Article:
Somatic cancer genetics in the UK: real-world data from phase I of the Cancer Research UK Stratified Medicine Programme

Colin R Lindsay, Emily C Shaw, Fiona Blackhall, Kevin G Blyth, James D Brenton, Anshuman Chaturvedi, Noel Clarke, Craig Dick, Thomas R J Evans, Geoff Hall, Andrew M Hanby, David J Harrison, Stephen R D Johnston, Malcolm D Mason, Dion Morton, Julia Newton-Bishop, Andrew G Nicholson, Karin A Oien, Sanjay Popat, Doris RasslRowena Sharpe, Phillipe Taniere, Ian Walker, William A Wallace, Nicholas P West, Rachel Butler, David Gonzalez de Castro, Mike Griffiths, Peter W M Johnson

Research output: Contribution to journalArticlepeer-review


Introduction: Phase I of the Cancer Research UK Stratified Medicine Programme (SMP1) was designed to roll out molecular pathology testing nationwide at the point of cancer diagnosis, as well as facilitate an infrastructure where surplus cancer tissue could be used for research. It offered a non-trial setting to examine common UK cancer genetics in a real-world context.

Methods: A total of 26 sites in England, Wales and Scotland, recruited samples from 7814 patients for genetic examination between 2011 and 2013. Tumour types involved were breast, colorectal, lung, prostate, ovarian cancer and malignant melanoma. Centralised molecular testing of surplus material from resections or biopsies of primary/metastatic tissue was performed, with samples examined for 3-5 genetic alterations deemed to be of key interest in site-specific cancers by the National Cancer Research Institute Clinical Study groups.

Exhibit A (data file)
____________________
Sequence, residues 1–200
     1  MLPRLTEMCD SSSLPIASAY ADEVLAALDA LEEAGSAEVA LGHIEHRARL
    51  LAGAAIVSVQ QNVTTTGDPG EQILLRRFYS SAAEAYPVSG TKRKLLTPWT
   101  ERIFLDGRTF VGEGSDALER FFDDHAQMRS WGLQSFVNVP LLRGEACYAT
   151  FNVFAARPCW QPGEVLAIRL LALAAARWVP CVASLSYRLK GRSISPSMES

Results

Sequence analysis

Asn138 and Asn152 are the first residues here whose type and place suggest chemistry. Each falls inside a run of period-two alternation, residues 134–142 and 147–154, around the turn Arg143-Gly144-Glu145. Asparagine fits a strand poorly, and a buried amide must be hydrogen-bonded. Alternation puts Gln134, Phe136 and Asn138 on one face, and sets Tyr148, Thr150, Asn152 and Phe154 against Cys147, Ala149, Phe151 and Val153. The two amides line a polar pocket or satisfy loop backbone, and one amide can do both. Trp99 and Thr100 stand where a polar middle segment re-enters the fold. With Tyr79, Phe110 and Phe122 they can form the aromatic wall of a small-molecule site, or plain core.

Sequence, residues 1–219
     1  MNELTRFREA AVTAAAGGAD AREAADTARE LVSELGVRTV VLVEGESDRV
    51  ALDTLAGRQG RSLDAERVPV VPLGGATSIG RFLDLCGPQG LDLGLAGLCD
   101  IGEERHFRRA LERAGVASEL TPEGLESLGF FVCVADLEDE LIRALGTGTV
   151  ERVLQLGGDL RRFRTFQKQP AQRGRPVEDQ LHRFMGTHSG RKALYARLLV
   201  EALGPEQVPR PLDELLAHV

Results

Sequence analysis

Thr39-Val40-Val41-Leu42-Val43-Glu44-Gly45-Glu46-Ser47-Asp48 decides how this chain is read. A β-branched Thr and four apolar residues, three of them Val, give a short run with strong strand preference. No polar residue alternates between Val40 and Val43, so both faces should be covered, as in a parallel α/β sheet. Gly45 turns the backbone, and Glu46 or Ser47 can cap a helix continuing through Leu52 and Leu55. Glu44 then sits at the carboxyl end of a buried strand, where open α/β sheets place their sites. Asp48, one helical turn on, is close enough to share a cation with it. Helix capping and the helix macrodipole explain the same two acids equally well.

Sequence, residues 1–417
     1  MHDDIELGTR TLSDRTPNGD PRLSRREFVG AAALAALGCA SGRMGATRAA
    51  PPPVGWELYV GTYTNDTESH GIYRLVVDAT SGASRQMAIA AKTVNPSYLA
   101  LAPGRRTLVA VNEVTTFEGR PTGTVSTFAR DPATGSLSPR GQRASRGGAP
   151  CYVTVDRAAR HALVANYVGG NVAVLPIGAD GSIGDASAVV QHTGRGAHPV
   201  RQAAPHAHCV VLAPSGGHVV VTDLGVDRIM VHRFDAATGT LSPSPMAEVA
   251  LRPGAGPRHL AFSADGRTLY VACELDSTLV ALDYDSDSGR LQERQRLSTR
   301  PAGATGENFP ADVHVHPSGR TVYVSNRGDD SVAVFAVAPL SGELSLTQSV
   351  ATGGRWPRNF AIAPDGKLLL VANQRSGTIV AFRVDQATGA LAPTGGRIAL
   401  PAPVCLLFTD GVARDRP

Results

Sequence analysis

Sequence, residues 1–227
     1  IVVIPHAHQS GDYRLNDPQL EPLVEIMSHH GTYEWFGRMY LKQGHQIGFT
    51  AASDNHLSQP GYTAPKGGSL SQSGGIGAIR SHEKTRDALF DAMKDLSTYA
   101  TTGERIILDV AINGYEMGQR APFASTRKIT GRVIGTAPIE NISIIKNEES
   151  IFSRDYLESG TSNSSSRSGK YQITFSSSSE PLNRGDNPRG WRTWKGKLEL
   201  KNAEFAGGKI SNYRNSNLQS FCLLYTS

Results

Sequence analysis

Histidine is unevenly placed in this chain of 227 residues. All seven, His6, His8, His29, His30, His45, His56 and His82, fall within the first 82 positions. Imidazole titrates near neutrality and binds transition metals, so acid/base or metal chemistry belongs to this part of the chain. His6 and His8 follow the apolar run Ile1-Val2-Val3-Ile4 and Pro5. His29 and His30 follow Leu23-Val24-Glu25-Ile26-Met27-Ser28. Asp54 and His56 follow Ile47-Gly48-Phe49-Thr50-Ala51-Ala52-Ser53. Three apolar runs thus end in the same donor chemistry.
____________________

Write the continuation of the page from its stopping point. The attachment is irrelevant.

Results: 10 754 patients (98% of those approached) consented to participate, from which 7814 tumour samples were genetically analysed. In total, 53% had at least one genetic aberration detected. From 1885 patients with lung cancer, KRAS mutation was noted to be highly prevalent in adenocarcinoma (37%). In breast cancer (1873 patients), there was a striking contrast in TP53 mutation incidence between patients with ductal cancer (27.3%) and lobular cancer (3.4%). Vast inter-tumour heterogeneity of colorectal cancer (1550 patients) was observed, including myriad double and triple combinations of genetic aberrations. Significant losses of important clinical information included smoking status in lung cancer and loss of distinction between low-grade and high-grade serous ovarian cancers.

Conclusion: Nationwide molecular pathology testing in a non-trial setting is feasible. The experience with SMP1 has been used to inform ongoing CRUK flagship programmes such as the CRUK National Lung MATRIX trial and TRACERx.

Original languageEnglish
Article numbere000408
Number of pages9
JournalESMO Open
Issue number6
Publication statusPublished - 5 Sept 2018


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